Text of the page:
I agree. I am running Windows Server 2003 on a machine with a DG43NB board, and while the Web site says Server products are not supported, nearly all work (on 2003, at least). The only exception is "PCI Simple Communications Controller." While I can live without that, it seems that Intel really should support the high-end operating systems in common use.
I'm with you. I've always preferred Intel Motherboards for both the PC's and Servers I sell. Now I've got to find another brand to use and I'm dissapointed.
We need Server OS support for desktop boards.
Server OS support would be nice once they've ironed out bugs with desktop drivers first. It'd be nice to think Intel could offer drivers for Server OS's and even non-Windows OS's but they will need to prioritise according to the OS's the most users use first - and for Desktop boards that means Desktop versions of Windows.
I'm still waiting for a long standing audio bug with the 'latest' Intel/IDT drivers to be addressed for my Win 7 DG45ID based PC (it also affects other boards containing the same audio chipset) so if they can't even sort that, then what use would a server version of the same driver with 'issues' be (especially given server related drivers must be even more reliable)?
I think that if there is anything that may tend to 'encourage' Intel towards providing server drivers for (at least some) desktop boards, it may be if they see customers are buying other brands which do offer such support. Just as many people have forsaken using expensive SCSI HDDs in many 'light' server environments, to save money with other technologies such as SATA, many people want servers on the cheap for light use and buying a 'comparibly expensive' server board and case isn't a reasonable option. Vote with your wallets folks and go with the brands that do offer this support if you need it!
I was able to get almost all the required drivers to work with Windows Server 2008 R2 using a DH67CL Desktop Board by doing the following:
For the network driver (which was most important to me):
My desktop board uses the Intel 8259V Network Controller, so I right clicked my Ethernet Adapter in Device Manager, then I selected Update Driver Software -> Browse my computer for driver software -> Let me pick from a list of device drivers on my computer -> Network Adapters -> Intel.
I then went through the list of device drivers available for Intel Network cards and selected that seemed the most similar to my network adapter, the Intel 82579LM Gigabit Network Connection and installed the driver (I ignored the errors saying that manually forcing it to install the driver may make the OS unstable). It worked perfectly.
I then inserted the CD that came with my motherboard and browsed the files on it (I didn't/couldn't use the setup program as it wouldn't list anything). In the Software/Drivers directory, I installed the following drivers without any issues by running the individual setup programs for each of them: Intel Chipset Drivers, USB3, and IMEI (PCI Simple Communications controller). I also tried installing the video drivers, which did partially install, but gave me an error towards the end of the installation process. Upon rebooting, the igfxUI.exe file threw errors, but the device driver seemed to work. The error annoyed me so I just uninstalled it since for a web server, it wasn't very important to me and the standard video driver gave me resolutions up to 1920x1080 anyways.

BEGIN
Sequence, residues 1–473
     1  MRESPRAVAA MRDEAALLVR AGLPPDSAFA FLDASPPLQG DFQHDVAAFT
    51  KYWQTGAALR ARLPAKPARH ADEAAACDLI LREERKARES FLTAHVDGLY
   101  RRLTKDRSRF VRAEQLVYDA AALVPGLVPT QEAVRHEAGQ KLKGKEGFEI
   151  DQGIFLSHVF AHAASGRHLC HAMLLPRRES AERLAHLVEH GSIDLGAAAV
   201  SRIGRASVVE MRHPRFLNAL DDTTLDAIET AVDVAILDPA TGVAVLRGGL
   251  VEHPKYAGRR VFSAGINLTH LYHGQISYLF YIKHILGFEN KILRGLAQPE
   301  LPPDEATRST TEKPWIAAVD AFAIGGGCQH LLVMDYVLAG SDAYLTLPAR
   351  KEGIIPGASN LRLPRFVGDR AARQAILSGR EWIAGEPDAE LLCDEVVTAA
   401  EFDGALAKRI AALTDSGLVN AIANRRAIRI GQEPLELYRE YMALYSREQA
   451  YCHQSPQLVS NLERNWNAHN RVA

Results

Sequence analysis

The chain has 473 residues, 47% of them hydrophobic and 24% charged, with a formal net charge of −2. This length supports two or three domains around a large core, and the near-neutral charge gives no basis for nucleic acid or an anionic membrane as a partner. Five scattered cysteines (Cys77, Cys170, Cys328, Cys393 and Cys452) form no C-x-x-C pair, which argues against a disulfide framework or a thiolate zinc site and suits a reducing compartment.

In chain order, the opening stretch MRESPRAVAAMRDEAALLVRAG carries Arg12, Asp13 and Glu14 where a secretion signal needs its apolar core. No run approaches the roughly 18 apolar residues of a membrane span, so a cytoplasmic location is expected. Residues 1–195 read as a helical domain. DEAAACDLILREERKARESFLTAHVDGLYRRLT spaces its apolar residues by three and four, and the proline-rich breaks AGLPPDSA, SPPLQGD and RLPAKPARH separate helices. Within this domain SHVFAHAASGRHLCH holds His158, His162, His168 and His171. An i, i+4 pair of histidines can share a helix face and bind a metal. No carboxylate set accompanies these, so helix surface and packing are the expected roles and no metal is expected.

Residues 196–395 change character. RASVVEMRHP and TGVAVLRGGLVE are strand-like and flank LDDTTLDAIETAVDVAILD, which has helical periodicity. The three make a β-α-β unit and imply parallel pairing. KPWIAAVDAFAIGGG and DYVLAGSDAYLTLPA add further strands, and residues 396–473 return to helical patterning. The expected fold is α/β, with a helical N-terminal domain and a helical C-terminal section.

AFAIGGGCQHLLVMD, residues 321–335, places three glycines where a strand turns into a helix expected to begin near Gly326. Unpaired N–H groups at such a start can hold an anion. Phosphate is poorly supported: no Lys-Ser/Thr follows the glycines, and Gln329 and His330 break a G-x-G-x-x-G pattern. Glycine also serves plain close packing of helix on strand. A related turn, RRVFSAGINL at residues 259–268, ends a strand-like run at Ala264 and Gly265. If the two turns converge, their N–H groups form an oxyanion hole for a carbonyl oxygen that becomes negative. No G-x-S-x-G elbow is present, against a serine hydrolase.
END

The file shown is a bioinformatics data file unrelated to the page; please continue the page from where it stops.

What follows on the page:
One note... using the web based auto detection for the Intel HD video driver on Intel's website (http://www.intel.com/p/en_US/support/detect/) crashed IE 9 on me when I ran the plug in (it installed, but refused to work on Firefox 9.0.1). I uninstalled it and the Java runtime it required.
Something that I came across that may help with identifying drivers on the Microsoft forums (Thanks Zeusman!):
If you go in device manager, click on the pci simple communications controller, go in property and then go in details. You will see a code like per example PCI/VEN_8086&DEV_27D8&SUBSYS...
The VEN code means vendor and the DEV code means device: in my case the vendor is 8086 and the device is 27D8.
Once you have the two codes, go to www.pcidatabse.com. Enter the two codes and you should get the name of your
hardware. From there you can search for a driver download for your hardware.
In my case the pci simple communications controller was a Microsoft UAA Bus HD audio. I also had another pci
device that didn't work properly, using the same method I found out that my pci device was an HSF PCI internal modem with code number CX11252-11. I had a hard time downloading one of the drivers, after 6 or 7 times the download started so be patient if you have the same hardware
NOTE: to access the device manager, go in control panel, then performance and maintenance, system, hardware and finally device manager.
Update: I tried installing this to a clean system and noticed that the option to use the Intel 82579LM Gigabit Network controller was not available. Thinking about it, I had tried to install the 64-bit driver on the system previously which did copy all the driver files, but failed to detect the adapter. It seems that once this has happened, the driver is then available for manual selection and does work with Windows Server 2008 R2! So you are using the Windows 64 bit driver (mine had the file name PROWinx64.exe) by first trying to install the driver (and letting setup fail) and then manually selecting it.
I also found the following link that may has Windows Server Drivers on it: http://downloadcenter.intel.com/SearchResult.aspx?lang=eng&ProductFamily=Ethernet+Components&ProductLine=Ethernet+Controllers&ProductProduct=Intel%C2%AE+82579+Gigabit+Ethernet+Controller
Hope this helps!